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Engineering vent systems


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The most common and difficult problem I’ve been running into lately is improper venting of gas & oil fired appliances. This has ranged from orphaned chimneys, to deteriorated flues to improperly sized connectors to just plain poor designs.

In order to further my knowledge in this area, I attended a seminar offered by the NJ DCA and presented by Julius Ballanco, president of the American Society of Plumbing Engineers.

The seminar was quite informative yet confusing. It’s pretty clear on what causes problems but it can be difficult to determine what’s properly designed and installed and what’s not.

For instance, if a new furnace (fan assisted) is installed, it’s possible (even probable) the water heater connector may have to be made bigger. In his seminar, he stated the following:

Fan-Assisted Appliances

Multiple Connections-

1) Strange impact to water heaters.

2) Vent connector may have to be double wall.

3) Rules of thumb:

a. Majority of water heaters require vent connector increase in size by 1 inch

b. For masonry chimneys- majority of time chimney has to be lined.

So, how is a home inspector supposed to ‘inspect’ venting of appliances? I had one house late last year that had a furnace & water heater in the basement and a furnace in the attic, all connected to the same B vent (I believe I posted this problem on TIJ but can’t find it now).

During the exterior inspection the B vent cap was iced over. When I went into the attic, you could see where condensation was dripping from the B vent, a chunk of ice had formed on the plywood floor under the B vent elbow. Condensation stains were visible at most of the vent connections in the attic. The buyer had three HVAC companies come out before one finally did some calculations and re-designed the vents.

So, what’s a home inspector to do when ‘experts’ can’t figure it out? During the seminar, Julius worked thru several examples of venting and ran the numbers thru a software program that went step by step thru the process of sizing. The software took about 5 minutes while trying to do manually out of the book would take hours. When actually designing the vent system in the field, the hardest part would be measuring the distances.

My question is; when does engineering overtake inspecting?

When I see another venting problem, would it be easier to purchase the software, calculate and offer the results to a HVAC contractor to review or just simply state a problem exists, have a HVAC contractor review the vent system for problems (knowing that most HVAC companies are clueless when it comes to venting multiply appliances?

Here are 2 recent pictures; one is 45 year old chimney, the other is a 4 year old B vent.

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Originally posted by RickSab

I would state the concern and let the customer take it to a HVAC guy. I'm not smart enough to take on that liability too.


Recently inspected a house where the water heater vent was orphaned into an exterior masonry chimney. (the heating system was replaced with a direct vent unit). I found backdrafting at the vent/connector. The drafting improved after the water heater burner was on for about 5 minutes. Contractor comes in and says that using a draft measuring device that the draft is OK.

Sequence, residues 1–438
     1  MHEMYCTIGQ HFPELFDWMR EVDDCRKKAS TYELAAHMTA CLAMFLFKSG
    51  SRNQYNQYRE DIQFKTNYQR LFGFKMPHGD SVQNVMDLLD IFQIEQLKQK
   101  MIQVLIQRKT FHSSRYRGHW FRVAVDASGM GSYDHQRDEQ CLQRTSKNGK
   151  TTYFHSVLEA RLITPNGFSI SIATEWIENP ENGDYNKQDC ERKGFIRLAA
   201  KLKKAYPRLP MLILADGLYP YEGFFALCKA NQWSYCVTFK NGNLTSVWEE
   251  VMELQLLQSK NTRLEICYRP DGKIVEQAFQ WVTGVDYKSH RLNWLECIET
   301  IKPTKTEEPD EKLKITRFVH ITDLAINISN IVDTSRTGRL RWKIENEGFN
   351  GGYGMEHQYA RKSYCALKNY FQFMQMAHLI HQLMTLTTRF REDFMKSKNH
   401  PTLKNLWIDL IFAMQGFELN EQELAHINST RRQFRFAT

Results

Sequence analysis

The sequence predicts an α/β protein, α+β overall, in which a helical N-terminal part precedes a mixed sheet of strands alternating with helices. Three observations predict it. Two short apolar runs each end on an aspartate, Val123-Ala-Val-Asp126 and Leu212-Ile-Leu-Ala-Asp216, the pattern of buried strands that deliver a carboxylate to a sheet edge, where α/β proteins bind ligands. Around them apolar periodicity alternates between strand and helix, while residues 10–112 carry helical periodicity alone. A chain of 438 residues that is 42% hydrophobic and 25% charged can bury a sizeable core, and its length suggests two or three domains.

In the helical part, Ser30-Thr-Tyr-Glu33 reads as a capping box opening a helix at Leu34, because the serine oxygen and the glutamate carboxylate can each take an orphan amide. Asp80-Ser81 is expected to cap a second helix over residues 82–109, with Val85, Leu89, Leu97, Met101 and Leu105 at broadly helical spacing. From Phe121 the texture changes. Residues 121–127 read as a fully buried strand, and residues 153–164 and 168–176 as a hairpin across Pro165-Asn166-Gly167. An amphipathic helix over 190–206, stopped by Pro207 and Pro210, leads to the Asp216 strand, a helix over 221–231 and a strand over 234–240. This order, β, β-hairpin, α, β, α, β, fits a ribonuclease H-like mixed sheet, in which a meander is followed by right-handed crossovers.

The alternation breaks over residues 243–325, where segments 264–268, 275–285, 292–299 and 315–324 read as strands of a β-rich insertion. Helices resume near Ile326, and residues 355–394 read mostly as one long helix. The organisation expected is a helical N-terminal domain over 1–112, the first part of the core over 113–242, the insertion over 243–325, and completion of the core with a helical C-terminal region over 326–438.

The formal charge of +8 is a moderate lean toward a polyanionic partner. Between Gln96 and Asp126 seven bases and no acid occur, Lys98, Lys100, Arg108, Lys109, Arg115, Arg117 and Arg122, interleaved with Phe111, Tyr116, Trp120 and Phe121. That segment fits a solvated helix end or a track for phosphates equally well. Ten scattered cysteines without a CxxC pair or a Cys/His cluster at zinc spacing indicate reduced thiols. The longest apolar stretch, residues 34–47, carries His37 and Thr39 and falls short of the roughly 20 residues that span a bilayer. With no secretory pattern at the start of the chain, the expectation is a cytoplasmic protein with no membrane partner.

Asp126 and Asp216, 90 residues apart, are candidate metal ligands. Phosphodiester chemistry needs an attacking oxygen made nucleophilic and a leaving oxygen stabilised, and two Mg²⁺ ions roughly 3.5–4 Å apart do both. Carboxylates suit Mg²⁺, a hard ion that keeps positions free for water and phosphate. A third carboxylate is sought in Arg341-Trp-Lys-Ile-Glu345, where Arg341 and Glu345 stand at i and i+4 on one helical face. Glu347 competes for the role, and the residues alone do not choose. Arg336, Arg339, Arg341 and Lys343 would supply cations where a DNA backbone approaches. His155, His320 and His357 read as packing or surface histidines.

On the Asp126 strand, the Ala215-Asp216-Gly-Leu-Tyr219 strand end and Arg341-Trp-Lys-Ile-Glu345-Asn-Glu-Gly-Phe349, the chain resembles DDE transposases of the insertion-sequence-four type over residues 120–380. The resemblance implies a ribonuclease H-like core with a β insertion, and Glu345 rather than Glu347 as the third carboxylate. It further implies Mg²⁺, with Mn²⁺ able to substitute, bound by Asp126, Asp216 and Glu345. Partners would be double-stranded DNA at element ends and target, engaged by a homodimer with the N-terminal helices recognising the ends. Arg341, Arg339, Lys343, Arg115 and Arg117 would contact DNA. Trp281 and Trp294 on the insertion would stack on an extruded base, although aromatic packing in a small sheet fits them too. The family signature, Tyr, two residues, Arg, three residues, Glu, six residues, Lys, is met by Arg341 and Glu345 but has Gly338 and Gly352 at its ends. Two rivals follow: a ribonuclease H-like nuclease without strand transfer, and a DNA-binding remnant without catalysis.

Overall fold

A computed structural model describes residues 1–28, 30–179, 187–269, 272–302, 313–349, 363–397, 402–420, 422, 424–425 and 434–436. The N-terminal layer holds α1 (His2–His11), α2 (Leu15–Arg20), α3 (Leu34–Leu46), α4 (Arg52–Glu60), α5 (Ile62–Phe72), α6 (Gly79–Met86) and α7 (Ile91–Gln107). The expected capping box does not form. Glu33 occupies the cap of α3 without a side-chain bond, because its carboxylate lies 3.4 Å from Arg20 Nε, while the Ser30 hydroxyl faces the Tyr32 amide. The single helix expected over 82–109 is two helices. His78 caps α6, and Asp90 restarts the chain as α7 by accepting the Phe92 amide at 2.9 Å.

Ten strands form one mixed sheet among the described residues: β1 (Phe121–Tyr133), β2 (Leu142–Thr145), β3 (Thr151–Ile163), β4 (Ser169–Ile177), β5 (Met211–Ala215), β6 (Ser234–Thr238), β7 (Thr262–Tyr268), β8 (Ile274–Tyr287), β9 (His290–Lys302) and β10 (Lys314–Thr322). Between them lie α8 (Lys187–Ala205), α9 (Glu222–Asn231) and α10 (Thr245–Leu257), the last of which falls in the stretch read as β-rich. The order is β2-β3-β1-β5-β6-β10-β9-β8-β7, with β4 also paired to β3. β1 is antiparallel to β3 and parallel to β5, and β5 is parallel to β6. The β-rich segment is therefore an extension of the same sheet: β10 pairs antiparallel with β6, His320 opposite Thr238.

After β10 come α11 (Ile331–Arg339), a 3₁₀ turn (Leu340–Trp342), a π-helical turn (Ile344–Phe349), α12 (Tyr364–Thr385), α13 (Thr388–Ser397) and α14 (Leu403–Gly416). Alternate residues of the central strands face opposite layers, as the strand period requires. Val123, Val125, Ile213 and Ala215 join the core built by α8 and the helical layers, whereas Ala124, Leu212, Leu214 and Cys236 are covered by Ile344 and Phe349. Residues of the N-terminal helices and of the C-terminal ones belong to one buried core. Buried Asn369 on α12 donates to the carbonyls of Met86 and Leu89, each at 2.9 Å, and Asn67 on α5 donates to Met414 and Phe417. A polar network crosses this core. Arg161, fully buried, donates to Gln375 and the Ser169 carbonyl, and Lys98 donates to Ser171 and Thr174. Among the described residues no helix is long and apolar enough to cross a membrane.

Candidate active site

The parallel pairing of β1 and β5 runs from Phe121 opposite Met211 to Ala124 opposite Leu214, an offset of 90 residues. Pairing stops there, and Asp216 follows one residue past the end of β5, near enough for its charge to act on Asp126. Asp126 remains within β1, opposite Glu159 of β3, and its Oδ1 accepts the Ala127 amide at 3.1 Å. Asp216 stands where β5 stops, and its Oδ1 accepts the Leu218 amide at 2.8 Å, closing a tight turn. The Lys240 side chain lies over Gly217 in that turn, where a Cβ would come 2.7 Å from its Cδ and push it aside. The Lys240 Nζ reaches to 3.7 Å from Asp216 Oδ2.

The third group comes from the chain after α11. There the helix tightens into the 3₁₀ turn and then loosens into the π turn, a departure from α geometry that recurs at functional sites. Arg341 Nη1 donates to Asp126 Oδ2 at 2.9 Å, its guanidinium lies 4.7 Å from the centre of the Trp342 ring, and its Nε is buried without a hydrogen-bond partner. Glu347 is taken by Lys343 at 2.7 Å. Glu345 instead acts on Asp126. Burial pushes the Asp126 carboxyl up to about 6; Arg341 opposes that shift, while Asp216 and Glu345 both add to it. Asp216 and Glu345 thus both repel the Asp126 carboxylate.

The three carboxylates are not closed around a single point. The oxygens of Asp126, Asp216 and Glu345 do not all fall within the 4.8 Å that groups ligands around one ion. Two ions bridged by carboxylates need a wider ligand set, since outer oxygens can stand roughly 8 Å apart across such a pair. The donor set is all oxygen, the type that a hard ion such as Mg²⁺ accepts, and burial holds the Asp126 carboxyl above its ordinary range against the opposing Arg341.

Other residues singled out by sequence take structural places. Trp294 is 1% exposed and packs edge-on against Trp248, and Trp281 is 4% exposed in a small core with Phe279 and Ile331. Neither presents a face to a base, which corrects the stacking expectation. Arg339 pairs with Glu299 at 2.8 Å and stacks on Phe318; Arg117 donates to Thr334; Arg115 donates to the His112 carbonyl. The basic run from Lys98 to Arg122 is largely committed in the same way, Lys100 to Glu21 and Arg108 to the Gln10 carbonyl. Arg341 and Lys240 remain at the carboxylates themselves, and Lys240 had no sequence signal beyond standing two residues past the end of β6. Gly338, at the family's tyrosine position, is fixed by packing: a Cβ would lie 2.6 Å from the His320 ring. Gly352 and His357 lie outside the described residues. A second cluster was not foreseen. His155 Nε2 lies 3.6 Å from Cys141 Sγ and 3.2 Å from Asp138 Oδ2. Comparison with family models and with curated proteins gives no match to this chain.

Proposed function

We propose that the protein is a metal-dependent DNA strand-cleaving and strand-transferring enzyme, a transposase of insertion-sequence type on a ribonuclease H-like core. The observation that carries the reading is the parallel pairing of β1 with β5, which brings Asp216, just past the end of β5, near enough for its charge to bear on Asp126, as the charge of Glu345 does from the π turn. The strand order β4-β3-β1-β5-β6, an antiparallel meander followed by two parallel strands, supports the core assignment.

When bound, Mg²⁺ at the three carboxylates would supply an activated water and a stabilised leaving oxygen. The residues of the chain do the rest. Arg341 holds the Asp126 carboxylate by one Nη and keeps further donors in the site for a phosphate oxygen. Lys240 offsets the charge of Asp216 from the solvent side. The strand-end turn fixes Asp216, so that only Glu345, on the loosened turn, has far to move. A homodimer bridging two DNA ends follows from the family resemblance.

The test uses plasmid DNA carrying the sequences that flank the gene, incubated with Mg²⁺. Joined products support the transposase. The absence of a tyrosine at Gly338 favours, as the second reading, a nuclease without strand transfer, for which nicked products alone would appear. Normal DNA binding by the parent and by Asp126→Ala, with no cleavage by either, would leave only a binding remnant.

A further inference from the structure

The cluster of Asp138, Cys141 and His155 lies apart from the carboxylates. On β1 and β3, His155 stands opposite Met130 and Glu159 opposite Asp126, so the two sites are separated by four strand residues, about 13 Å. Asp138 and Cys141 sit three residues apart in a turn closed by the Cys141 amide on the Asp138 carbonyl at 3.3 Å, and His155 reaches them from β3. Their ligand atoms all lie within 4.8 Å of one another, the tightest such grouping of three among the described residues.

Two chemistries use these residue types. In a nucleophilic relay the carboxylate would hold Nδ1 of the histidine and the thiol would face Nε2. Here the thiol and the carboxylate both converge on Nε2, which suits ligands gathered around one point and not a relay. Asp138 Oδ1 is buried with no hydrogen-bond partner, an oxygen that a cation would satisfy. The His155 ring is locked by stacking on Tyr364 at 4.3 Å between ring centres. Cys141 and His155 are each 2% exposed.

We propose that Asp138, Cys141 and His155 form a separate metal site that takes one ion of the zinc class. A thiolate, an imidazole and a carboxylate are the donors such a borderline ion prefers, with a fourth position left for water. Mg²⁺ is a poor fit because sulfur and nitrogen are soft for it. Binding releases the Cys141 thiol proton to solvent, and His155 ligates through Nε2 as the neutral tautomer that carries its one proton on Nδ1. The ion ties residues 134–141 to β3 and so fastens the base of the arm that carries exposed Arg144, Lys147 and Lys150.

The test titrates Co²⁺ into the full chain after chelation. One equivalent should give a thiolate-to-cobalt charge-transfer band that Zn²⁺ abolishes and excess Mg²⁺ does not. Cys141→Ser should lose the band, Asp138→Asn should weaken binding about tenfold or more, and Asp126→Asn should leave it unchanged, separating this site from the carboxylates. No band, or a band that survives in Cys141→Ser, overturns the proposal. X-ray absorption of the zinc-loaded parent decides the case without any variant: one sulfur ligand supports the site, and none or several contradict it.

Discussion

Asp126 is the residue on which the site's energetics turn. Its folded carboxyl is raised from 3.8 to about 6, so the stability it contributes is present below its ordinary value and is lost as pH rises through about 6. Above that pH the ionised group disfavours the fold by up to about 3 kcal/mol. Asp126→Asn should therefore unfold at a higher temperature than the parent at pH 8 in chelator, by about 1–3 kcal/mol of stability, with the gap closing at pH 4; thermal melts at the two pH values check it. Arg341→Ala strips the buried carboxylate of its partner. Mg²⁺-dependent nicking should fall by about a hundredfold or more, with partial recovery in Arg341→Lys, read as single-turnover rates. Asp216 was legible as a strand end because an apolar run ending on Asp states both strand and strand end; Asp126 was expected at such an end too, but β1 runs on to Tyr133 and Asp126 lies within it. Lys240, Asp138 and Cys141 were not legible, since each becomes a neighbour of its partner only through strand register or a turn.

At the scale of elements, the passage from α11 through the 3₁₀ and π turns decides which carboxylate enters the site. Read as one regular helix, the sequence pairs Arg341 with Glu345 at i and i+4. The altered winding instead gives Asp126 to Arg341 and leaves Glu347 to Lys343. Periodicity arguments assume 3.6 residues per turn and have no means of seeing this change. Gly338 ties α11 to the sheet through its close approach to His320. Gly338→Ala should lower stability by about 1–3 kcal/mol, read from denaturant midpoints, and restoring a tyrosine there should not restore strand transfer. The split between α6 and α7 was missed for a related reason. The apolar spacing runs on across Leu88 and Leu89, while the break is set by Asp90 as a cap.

I said to the buyer (a friend who's a builder) that it's 65 degrees outside now. What happens to the draft when it's 30 degrees outside and that exterior chimney is stone cold? He was thinking of the relining the chimney, but I told him not to waste the money and just put in a direct vent water heater to solve the venting problem.

Darren, you're right, if the HVAC company can't even get the clearances and firestopping right, how would they address the venting problem?

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Yes, it's difficult sometimes to know who to trust.

This new furnace was installed by an HVAC contractor, inspected and approved by the local AHJ, and soon thereafter red-tagged by the local gas utility because the vent didn't terminate 18" above a dormer wall within 8' of the vent.

Nevermind that the primary and secondary condensate drains discharged directly into the crawlspace.

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I couldn't tell you how many times I write up the stains on the attic section of the B-vents. I do spend a little time explaining to my clients what has been happening and there's a blurb in the report. But I don't expect that the contractor will understand it and I don't expect that the problem will be corrected. I expect that clients just say the heck with it and let it go.

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Letting it go may result in a death. Attached is a picture of an attic installed vent (single wall vent in attic is not allowed); 6 years old. Oh yeah, house was inspected about 18 months prior.

I believe this is a serious problem that we call out but will probably never get properly repaired because no one will do the proper calculations. With the software, all that is needed is to plug in the numbers. As Neal pointed out above, it will even ask the question if the masonry chimney is interior or exterior.

Somewhat depressed in NJ

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